Proponents correctly argue that DTCA motivates patients to participate in their own care, educates them about treatment options, and encourages conversation with doctors about medical concerns. They also believe that compliance improves when patients have requested their own treatments and that consumers have the right to receive unfiltered product information directly from the manufacturer. Critics are equally correct when they argue that the real purpose of DTCA is to increase sales and there are better ways to educate consumers. They believe that sales-oriented advertising emphasizes a drug's benefits, minimizes its risks, and creates unrealistic expectations for successful treatment. They are especially concerned that DTCA drives up costs by promoting use of brand-name rather than comparable generic or lower-priced drugs, and that these medicines are more likely to be prescribed for nonessential and sometimes questionable indications.
      • Weinmeyer R.
      Direct-to-consumer-advertising of drugs.

      Porter DM. Direct-to-consumer (DTC) pharmaceutical marketing: impacts and policy implications. SPNHA Rev. 2011;7(1):Article 5. Available at: http://scholarworks.gvsu.edu/spnhareview/vol7/iss1/5. Accessed May 17, 2015.

      Federal and state legislators have noted that DTCA has proven so effective at popularizing brand name drugs that they are revisiting the possibility of curtailing these ads to decrease local pharmaceutical costs.

      National Conference of State Legislatures. October 2013. Marketing and direct-to-consumer advertising (DTCA) of pharmaceuticals. Available at: http://www.ncsl.org/research/health/marketing-and-advertising-of-pharmaceuticals.aspx. Accessed May 31, 2015.

      Variations in viewers' preferences, competition for advertising dollars, and frequent changes in marketing objectives make it difficult to accurately quantify a physician's exposure to DTCA and to correlate exposure with outcome.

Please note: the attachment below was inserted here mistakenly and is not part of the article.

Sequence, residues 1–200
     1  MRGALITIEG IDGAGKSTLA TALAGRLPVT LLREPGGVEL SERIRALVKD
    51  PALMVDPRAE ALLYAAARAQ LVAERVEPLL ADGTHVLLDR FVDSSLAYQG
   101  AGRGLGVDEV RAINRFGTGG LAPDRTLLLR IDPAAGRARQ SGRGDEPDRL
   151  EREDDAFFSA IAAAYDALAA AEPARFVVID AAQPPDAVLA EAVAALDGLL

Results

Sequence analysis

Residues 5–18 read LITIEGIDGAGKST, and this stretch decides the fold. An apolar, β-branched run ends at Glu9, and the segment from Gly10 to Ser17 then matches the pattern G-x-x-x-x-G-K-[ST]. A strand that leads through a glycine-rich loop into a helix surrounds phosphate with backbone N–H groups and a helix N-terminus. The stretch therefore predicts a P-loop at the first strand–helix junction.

• Brownfield E.D.
      • Bernhardt J.M.
      • Phan J.L.
      • Williams M.V.
      • Parker R.M.
      Direct-to-consumer drug advertisements on network television: an exploration of quantity, frequency, and placement.
      Despite these limitations, it should not be assumed that medical training and ethical intent will fully immunize clinicians against the effects of viewing ubiquitous skillfully crafted promotional messages interspersed with favorite television programs. The casual setting and a recreational mindset might hinder critical evaluation of the message, contribute to lower prescribing thresholds, and increase acquiescence to patient requests.
      Sidney Wolfe
      • Wolfe S.M.
      Direct-to-consumer advertising—education or emotion promotion?.
      editorialized that “There is evidence that many drug advertisements are not balanced or accurate and duped gatekeepers may not adequately resist patients' exhortations to write a prescription.” And an experienced pharmaceutical marketing strategist writing in a trade newsletter reports that, “… we know that consumers generally tune out the part of the TV ad that follows the promotional message … It's too fast, it's not specific to (the viewer), and it is accompanied by pretty visuals of a couple and a dog walking happily on a beach. You take away almost nothing.”

      Smith J. How to make DTC ad warnings more effective. MMM online. April 7, 2015. Available at: http://www.mmm-online.com/pharmaceutical/how-to-make-dtc-ad-warnings-more-effective/article/407671/. Accessed June 11, 2015.

      These discordant feel-good images and calming voice-overs might be reassuring, but they can dangerously blunt the impact of important and sometimes life-threatening warnings. The disturbing image of a cyanotic patient clutching his chest after taking a cardiotoxic drug would be more likely to get the viewer's attention.